What I Tell New Disciples To Do First

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What I Tell New Disciples To Do First

Meet Mike
Meet Mike. Mike is a new disciple in Christ. Young adult. Married. Kids. Grew up in church. Baptized. Stopped going to church in high school. Got married. Had kids.

Mike realized his kids weren’t growing up in the church. His kids were missing out on something that Mike considered part of his foundation. Even though Mike hadn’t been attending church in many years, he knew church was important.

So, Mike returned to church with family in tow. While Mike thought he was doing this for his family, it turned out God had plans for Mike instead.

Mike recommitted his life to Jesus. Now, he had this insatiable desire for more. There was a problem. Mike didn’t know where to start.
Where do you point a person like Mike to start?
I would tell Mike to do the following:
  1. 1
    Read the stories of Jesus in the Gospels
  2. 2
    Ask God to strengthen his relationship with Jesus
  3. 3
    Think about those stories throughout the day
1. Read the stories of Jesus in the Gospels 

I would tell Mike to read the stories of Jesus found in the Gospels. I would encourage Mike to get a Bible that has subtitles in the chapters to help him easily locate the stories. I want Mike to read only the stories (Jesus healing, Jesus teaching). While the narrative is important, for now I want Mike to focus on knowing Jesus.

I don’t want Mike reading the Old Testament or the Epistles at this point. Yes, there is great value in these sections of the Bible, but not yet for Mike. Mike needs to remember. Mike needs to get to know Jesus again.

I don’t want Mike reading commentaries or even books about Jesus. While helpful, these resources can often lead a person to become academic in their approach to discipleship. 

2. Ask God to strengthen his relationship in jesus

I would have Mike pray every day that God would strengthen his rediscovered relationship with Jesus. Mike needs to get reacquainted with Jesus.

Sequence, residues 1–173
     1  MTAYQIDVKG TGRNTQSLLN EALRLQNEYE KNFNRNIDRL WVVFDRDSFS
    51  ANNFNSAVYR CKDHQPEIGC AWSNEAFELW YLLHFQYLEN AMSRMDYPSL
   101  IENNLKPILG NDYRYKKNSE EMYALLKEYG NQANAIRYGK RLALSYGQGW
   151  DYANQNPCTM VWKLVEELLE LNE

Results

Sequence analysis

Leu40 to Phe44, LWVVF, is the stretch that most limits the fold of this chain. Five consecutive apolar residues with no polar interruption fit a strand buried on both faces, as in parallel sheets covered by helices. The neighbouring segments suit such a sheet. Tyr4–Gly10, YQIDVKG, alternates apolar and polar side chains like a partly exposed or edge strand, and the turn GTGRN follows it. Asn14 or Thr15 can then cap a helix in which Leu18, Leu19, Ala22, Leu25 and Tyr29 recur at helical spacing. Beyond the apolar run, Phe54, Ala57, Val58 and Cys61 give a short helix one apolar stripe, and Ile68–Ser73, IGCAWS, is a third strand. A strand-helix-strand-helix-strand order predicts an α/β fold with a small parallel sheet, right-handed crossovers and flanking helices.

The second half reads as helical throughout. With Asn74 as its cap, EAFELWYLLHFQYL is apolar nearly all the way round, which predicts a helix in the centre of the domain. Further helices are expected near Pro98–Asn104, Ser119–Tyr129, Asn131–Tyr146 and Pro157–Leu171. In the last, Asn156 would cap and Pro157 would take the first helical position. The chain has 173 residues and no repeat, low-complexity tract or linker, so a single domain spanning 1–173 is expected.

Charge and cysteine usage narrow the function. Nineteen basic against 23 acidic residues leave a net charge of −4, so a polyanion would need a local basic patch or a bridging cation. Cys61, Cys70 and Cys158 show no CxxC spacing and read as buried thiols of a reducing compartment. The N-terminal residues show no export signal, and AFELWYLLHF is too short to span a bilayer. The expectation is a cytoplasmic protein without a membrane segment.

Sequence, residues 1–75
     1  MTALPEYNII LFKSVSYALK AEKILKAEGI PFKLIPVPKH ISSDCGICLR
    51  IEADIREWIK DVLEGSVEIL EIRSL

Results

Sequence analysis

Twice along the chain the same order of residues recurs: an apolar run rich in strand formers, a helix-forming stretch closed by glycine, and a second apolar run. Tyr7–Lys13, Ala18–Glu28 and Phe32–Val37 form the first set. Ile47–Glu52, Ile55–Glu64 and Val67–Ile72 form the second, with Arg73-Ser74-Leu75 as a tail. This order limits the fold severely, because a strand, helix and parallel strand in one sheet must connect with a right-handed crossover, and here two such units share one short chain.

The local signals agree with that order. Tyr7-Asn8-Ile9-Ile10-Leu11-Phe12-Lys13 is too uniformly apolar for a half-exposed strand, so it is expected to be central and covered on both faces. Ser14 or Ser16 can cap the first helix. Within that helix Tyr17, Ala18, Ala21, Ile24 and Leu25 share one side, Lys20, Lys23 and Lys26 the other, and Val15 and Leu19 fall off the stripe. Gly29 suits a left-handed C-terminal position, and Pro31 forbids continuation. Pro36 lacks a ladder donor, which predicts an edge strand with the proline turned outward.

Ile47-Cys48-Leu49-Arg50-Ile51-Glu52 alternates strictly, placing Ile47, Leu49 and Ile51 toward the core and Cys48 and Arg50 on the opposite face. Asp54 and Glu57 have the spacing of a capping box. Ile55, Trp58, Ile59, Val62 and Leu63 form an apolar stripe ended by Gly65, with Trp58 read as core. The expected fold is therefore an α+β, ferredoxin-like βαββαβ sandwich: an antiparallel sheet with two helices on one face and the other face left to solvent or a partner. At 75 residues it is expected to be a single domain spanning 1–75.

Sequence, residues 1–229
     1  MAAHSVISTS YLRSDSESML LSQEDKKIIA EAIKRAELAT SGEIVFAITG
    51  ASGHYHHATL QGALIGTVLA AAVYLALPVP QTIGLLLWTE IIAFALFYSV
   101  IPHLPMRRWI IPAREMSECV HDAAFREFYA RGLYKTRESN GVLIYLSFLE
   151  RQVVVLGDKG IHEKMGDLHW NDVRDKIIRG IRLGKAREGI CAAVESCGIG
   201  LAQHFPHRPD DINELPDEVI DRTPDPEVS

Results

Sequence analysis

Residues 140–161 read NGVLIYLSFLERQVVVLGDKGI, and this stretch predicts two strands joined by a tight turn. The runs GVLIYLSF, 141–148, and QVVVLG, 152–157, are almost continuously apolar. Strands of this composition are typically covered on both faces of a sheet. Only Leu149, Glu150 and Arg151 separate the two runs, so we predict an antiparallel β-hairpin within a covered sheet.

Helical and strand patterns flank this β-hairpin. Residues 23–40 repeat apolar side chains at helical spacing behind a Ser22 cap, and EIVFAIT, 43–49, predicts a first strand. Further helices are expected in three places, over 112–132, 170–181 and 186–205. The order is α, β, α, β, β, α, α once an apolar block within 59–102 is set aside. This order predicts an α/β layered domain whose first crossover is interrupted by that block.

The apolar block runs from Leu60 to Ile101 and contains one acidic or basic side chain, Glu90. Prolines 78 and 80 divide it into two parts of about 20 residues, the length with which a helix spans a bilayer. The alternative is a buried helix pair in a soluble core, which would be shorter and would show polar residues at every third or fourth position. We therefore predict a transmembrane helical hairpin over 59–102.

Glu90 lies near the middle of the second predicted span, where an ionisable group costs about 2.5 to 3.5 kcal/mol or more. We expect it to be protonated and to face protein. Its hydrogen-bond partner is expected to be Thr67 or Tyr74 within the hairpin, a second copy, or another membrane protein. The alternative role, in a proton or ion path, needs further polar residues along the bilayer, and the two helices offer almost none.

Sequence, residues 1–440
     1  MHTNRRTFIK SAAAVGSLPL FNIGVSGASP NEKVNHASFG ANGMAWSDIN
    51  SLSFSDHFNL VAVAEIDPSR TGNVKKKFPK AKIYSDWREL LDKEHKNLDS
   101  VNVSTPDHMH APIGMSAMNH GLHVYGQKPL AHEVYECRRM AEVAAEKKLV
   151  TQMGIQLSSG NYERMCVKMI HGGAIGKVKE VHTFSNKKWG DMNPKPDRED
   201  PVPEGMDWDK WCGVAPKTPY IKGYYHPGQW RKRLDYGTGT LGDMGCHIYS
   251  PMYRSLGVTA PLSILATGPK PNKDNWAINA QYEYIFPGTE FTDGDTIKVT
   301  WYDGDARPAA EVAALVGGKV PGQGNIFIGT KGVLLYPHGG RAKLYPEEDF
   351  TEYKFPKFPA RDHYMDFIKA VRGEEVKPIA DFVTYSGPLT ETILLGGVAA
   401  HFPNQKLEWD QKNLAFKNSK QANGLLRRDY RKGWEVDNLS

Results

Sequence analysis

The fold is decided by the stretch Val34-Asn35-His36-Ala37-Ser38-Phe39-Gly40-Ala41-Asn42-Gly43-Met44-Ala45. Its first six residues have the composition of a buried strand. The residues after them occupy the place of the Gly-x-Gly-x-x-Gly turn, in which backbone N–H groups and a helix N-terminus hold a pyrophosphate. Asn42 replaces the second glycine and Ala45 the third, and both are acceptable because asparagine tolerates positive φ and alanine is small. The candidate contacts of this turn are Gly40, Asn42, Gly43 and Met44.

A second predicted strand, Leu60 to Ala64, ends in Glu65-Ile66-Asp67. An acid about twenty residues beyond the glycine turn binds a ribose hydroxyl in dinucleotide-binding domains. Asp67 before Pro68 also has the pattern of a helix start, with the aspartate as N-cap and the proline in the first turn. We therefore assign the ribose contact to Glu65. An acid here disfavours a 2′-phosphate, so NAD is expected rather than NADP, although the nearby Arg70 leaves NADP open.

Think of it as two friends who have been separated for a long time and now they have been reunited. I am sure there are a few things Mike and Jesus need to work out.

Right now, Mike doesn’t need to be focused on theological doctrines. Mike doesn’t need to worry about pre-tribulation, mid-tribulation, post-tribulation. He doesn’t need to study the doctrine of the Trinity. Mike needs to get to know Jesus again.

Mike’s relationship with Jesus needs to be re-established. There isn’t a better way to do this other than to pray for it. 

3.Think about those stories throughout the day

I would have Mike recall the stories he is reading about Jesus. Assuming he is reading the stories before he goes to work, I would have him recall them in his mind at lunch. I might have Mike share the stories with his children as part of a bed-time ritual.

If Mike is keeping a journal, I would have him reflect on what those stories mean to him in his own faith development. How does the healing of a blind man relate to Mike? What does it feel like to hear Jesus teach about being the light of the world?

The intent is to have Jesus in the forefront of Mike’s mind all day long. I want Mike to walk with Jesus every moment of his life, not just go to church to hear about Jesus for an hour on Sunday. 

Super Simple

Sounds overly simple, I know. Here’s why I keep it so simple:

• Wrapped around the axle

Too often new disciples get wrapped around the axle about nuances, doctrine, and theology, losing sight that discipleship is about a relationship with Jesus, not knowledge about Jesus. 

•Over saturation is not good

I lived on a very dry island for a while. A little rain was always welcomed. A lot of rain was feared. You see, the ground was so dry it could not absorb a heavy rain. If it rained a lot, we faced mudslides and flooding.

So it is with new discipleship. The key focus needs to be on getting to know Jesus. Like any relationship being built, baby steps are best. Move too fast and the relationship foundation isn’t strong enough for a lifetime commitment.


There is a danger that Mike can be so excited about his rediscovered faith that he can over do it. Mike could burn himself out, placing his family life at risk, and even his long-term relationship with Jesus. Obsession is not a healthy relationship. Love, however, is. Slow and steady is always the best course for a relationship, even with Jesus. 

Wrapping it up

As you can see, I just want Mike to get to know Jesus again. That's it. I am not trying to mentor Mike to be a biblical scholar. I don't expect Mike to lead a small group. I just want Mike to have a healthy relationship with Jesus. 

How would you mentor a new person in Christ?

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